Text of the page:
With the army providing free abortions for female soldiers, and social workers actively promoting abortion as a cure-all for emotional and economic woes, abortion in Israel is a widely accepted practice.

But that may change with new restrictive legislation before the Israeli Knesset. Although the official Israeli abortion rate is about one-half the United States rate, Jewish traditionalists, some calling abortion "the second Holocaust," abhor it. Yet, pro-life and abortion-rights rallies, long a staple of American news, are conspicuously absent here.

Earlier this year, the ultra-Orthodox Shas party grabbed headlines with a strongly worded pro-life bill. The bill, now in committee, defines an embryo as a human being from the day of conception, and inserts this definition into Israel's criminal code. If passed into law, the Shas bill would allow abortion practitioners to be tried for first-degree murder.

Although few Israeli political analysts expect the bill to pass in its current form, the bill has functioned to reopen the debate over abortion rights. Under pressure from the Women's Network political lobby, 19 of the bill's original 51 signatories withdrew their support. And Israeli evangelicals are divided over the measure, with some fearing that it will generate a backlash against the nascent pro-life movement. That sentiment echoes even within the ranks of Shas.

Shas Knesset member Shlomo Ben-Izri, who is Israel's deputy minister of health, supports the measure, but he is skeptical. "I don't believe for a minute that we can pass such a law in this country," he says. "Two-thirds of the abortions done in Israel are already illegal, and we cannot convince the government to enforce the existing law."

DIVIDED STRATEGY: But Ted Walker, director of the evangelical pro-life organization Be'ad Chaim, believes the Shas bill has come none too soon. "Abortion is used as the major means of birth control in Israel," he says. "What we're dealing with is a widespread epidemic."

That epidemic has swelled in part because pro-life physicians have been unable to form a unified front. Israeli Orthodox pro-life groups cannot afford to identify with the pro-life Messianic believer community. Jerusalem's Efrat, perhaps the largest of the Jewish pro-life groups, typifies this attitude: "We're happy they're out there," says Efrat director Eli Shus-Heim, "but they work on their side and we work on ours."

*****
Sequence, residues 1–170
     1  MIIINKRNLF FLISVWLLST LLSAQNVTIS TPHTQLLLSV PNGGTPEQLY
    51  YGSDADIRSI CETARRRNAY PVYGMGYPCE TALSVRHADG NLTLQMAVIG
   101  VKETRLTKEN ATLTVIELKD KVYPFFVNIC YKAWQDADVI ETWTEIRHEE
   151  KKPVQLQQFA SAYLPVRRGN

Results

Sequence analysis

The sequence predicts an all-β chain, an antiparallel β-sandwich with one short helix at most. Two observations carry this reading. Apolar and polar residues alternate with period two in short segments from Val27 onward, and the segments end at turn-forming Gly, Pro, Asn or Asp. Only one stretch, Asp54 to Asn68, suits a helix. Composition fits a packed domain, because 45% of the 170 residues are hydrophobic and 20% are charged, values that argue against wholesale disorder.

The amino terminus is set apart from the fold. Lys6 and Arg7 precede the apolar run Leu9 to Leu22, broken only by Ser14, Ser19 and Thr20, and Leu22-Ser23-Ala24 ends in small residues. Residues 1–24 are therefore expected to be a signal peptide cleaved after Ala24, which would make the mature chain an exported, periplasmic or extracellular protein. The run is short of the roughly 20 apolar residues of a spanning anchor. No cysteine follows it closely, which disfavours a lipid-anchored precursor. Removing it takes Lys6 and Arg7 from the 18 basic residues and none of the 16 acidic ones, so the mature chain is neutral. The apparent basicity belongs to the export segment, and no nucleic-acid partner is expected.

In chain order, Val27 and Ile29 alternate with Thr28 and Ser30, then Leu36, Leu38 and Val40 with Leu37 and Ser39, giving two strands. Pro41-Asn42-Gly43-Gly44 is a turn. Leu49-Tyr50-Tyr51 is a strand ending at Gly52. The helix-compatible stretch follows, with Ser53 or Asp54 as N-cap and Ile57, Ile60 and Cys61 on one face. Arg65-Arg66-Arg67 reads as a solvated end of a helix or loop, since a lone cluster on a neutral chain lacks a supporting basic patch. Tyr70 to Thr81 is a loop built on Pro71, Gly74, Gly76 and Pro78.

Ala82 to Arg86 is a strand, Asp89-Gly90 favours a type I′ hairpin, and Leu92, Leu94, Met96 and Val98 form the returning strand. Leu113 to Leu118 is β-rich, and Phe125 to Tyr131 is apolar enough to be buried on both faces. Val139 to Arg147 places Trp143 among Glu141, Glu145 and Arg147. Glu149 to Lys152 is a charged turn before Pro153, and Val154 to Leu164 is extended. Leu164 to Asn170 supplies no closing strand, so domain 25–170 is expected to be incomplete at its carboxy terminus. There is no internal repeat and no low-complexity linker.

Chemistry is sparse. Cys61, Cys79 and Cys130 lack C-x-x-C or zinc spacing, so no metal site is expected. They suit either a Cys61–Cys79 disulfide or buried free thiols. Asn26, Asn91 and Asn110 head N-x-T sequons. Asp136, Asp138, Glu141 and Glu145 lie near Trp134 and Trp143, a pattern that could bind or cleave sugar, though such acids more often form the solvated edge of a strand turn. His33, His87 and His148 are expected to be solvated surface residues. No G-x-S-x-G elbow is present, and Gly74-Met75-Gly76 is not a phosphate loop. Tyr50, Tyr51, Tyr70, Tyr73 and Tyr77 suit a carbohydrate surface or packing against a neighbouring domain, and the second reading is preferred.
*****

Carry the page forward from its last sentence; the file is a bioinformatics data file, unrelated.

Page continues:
"They pretty much keep their distance because of our stand for Yeshua," Walker says. "We're in touch with them, but they're not in touch with us."

Efrat's director says it is not only religion but philosophy that separates Efrat from evangelical pro-lifers. "You cannot save even one baby by passing laws, by trying to force people," says Shus-Heim. "We need to respect a woman's rights—she has a right to know exactly what it is that's growing inside her. We believe in education, not confrontation."

He recalled a visit by representatives from a U.S.-based pro-life group. "They showed me a truly horrific film, all about picketing, protesting, even burning clinics," Shus-Heim says. "I turned to these people and said, 'Tell me, how many babies have you saved with these methods?' They just looked at each other; they couldn't answer."

Efrat has a unique pragmatic approach, according to Shus-Heim. "Women will do what they want," he says. "But we believe every woman has maternal instincts: if she knows that this is a real live baby in her womb, and not just a blob of tissue, she will want it to live." Shus-Heim adds that the Shas bill "is exactly the opposite of our philosophy."

For the Orthodox, the debate hinges on the rabbinic question of "destroying the seed." Rabbinic rulings allow for abortion for a variety of technical reasons.

But Shas Knesset member Ben-Izri says, "This is the seed of Abraham, this is life. If you take a five-month-old fetus from the womb and place him in the proper conditions, he will live. Who are we to decide that it is wrong to harm this baby one minute after birth, but not one minute before?"

FORGING AN ALLIANCE: Shas Knesset member Yitzhak Cohen, author of the bill, says the proposed law has been carefully crafted. "A lot of research went into it," he says. "We had biologists, philosophers, rabbinical councils."

The Orthodox are often portrayed by their critics as a pushy minority trying to force their beliefs on others. Messianic Jews are seen by the Orthodox as a threat to Israel and to Judaism itself. Yet, in the arena of abortion, these traditional antagonists are forging an uneasy truce.

Last year, Be'ad Chaim presented Efrat with a new Hebrew translation of the film Silent Scream. Shus-Heim took the film to Likud Knesset member Binyamin Netanyahu, who has since become prime minister.

"Netanyahu told me he didn't need to see the movie because he had already seen his own son on ultra-sound," recalls Shus-Heim, "and it was clear that anyone who would harm such a child was harming a human being." After the meeting, Netanyahu repeated his views to the press, firing the opening shot in what has become a heated public debate.

Pro-lifers from all sides are working to make sure the issue does not fade away.

During the recent uproar over Shas's proposed law, Efrat sent a copy of Silent Scream to every member of the Knesset. Cohen was grateful. "It's a very powerful film because it shows the truth," Cohen says. "Abortion is murder."

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